I will tell you up front that this review is going to be positive, but there is a legitimate reason for that. And it’s not because the product is being manufactured by a team mate and long time friend. It’s because the product is made just how I thought it should be made.
FRS and GMRS radios are very common in scenario paintball games, and come in very handy for a variety of reasons, but in the middle of the game, a radio going off can be a dead give-away to your position. It’s can also be inconvenient to hold the radio in one hand to operate it, since your hands are usually full of other things. For that reason most players will use some kind of headset, usually consisting of a microphone and earpiece. While a lot of the units sold as accessories for radios will work fine in a lot of conditions, scenario paintball can tend to be harsh on such equipment. Internal wires and flimsy connections often break after relatively little use. Guys on our team have went through any number of set-ups searching for a headset that would last more than just a few games. In an effort to combat some of these problems, Chris Demartini set out to build a more heavy duty headset that would not only last, but function well. His product resulted in the formation of Scenario Enthusiast.
The communication kit sold by Scenario Enthusiast for $29.95 consist of a connected speaker, microphone and push-to-talk switch which can be mounted inside of a paintball mask. Installation is easy, using zip-ties to secure each component in a location preferred by the owner. Heavy gauge wire is used throughout the kit to cut down on the chances of internal breakage which is so common with equipment like this. A heavy duty weather-proof connector allows the user to disconnect when taking off his paintball mask. The main wires are covered in shrink wrap and the external radio connections are coated in plastic for further protection. The connections are currently designed to be compatible with Midland LXT series and Cobra FRS 85 radios. (Scenario Enthusiast also sells a Midland LXT radio for $19.95)
While a lot of off-the shelf headsets require the user to put a small speaker in their ear, I personally find that method uncomfortable, especially after hours of on-field use. I also find the kind of headset worn over the head to be uncomfortable when worn under a face mask, which can be sort of binding. So for me, mounting everything inside the mask was the perfect solution. It’s comfortable and convenient to use. I never have to worry about where I put the headset, or if it will get tangled up with other gear, because it’s always right there in my face mask.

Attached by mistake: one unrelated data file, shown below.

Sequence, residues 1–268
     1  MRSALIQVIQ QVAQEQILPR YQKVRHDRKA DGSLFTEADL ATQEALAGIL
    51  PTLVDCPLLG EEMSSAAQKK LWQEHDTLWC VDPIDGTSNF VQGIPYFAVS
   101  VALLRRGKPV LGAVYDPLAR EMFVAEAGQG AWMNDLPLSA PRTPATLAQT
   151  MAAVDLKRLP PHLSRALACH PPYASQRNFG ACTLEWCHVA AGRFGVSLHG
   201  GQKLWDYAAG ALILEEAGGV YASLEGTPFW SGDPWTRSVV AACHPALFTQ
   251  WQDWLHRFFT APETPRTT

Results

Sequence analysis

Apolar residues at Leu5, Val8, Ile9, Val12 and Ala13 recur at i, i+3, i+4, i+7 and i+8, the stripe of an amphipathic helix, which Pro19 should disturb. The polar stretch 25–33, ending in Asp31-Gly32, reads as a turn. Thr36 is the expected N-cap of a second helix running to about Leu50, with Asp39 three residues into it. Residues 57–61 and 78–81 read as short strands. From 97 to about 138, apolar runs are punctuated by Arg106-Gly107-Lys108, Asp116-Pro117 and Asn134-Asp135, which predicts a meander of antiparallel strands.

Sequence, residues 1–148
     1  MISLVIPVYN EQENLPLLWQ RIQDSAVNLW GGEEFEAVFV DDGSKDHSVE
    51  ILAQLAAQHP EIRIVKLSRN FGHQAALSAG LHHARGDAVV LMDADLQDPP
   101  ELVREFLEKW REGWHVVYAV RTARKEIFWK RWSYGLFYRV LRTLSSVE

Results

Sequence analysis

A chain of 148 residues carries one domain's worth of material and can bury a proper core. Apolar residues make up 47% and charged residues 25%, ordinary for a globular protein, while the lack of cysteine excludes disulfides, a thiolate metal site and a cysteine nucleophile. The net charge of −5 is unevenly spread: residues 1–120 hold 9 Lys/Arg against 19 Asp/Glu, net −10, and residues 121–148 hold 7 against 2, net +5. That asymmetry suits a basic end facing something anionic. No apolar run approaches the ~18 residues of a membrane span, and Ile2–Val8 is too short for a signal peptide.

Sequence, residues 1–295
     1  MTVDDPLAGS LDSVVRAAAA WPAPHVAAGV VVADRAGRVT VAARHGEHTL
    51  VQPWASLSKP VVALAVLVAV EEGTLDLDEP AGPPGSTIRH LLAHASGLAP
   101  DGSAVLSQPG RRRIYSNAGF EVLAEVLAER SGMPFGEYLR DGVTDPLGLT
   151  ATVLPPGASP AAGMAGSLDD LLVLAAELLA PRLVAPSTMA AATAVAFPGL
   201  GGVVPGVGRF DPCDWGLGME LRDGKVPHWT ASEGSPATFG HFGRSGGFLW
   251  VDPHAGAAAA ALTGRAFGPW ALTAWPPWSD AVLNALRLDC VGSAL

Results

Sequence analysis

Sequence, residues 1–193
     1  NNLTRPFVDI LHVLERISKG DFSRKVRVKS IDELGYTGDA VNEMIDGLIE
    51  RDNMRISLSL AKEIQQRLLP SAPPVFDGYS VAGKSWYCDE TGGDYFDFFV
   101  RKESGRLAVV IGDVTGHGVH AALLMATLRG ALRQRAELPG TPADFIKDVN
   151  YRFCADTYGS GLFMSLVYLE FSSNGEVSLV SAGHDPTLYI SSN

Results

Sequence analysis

I have the push-to-talk switch mounted in the front of the mask, where it’s easily accessible. The switch is plenty big and easy to find. The speaker for the ear transfers a lot of volume when compared to other units I have tried. In fact, I have to turn the volume control on my radio down, where with other units I usually had to run at max volume. The rather over-sized microphone seems to work well mounted in the front of the mask. The audio transmissions I have heard from other team members using the system are very clear.
To me, the most important aspect of this kit is the heavy gauge wires, covered in shrink wrap. They are not extremely flexible, but this means they are less likely to fly all over the place and get hung on everything in sight, which translates less likelihood of damage. I keep my radio in a pouch on a tactical vest, but the standard 2-foot length of the wires allow the user to keep a radio in a pants pocket or on a belt.
Yes, I like this product, but that’s only natural since I had some input on how it was designed. After years of going through different configurations and products, I finally feel like I have something that will work for the long haul. For me, the durability and the fact that it’s designed to be used the way I am using it gives me some peace of mind and that makes this product worth the price.Check out our article about the LCT Paintball’s Grenade Refilling Kit.